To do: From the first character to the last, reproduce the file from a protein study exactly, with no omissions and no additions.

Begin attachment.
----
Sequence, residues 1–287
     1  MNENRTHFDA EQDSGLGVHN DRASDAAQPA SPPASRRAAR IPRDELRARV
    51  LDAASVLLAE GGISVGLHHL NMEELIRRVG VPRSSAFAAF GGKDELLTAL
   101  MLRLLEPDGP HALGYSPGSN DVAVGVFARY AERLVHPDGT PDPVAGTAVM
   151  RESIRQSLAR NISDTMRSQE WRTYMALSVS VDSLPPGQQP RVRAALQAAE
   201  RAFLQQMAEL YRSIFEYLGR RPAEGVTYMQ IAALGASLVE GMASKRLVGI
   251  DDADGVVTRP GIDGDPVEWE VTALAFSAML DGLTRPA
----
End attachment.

Sequence, residues 1–287
     1  MNENRTHFDA EQDSGLGVHN DRASDAAQPA SPPASRRAAR IPRDELRARV
    51  LDAASVLLAE GGISVGLHHL NMEELIRRVG VPRSSAFAAF GGKDELLTAL
   101  MLRLLEPDGP HALGYSPGSN DVAVGVFARY AERLVHPDGT PDPVAGTAVM
   151  RESIRQSLAR NISDTMRSQE WRTYMALSVS VDSLPPGQQP RVRAALQAAE
   201  RAFLQQMAEL YRSIFEYLGR RPAEGVTYMQ IAALGASLVE GMASKRLVGI
   251  DDADGVVTRP GIDGDPVEWE VTALAFSAML DGLTRPA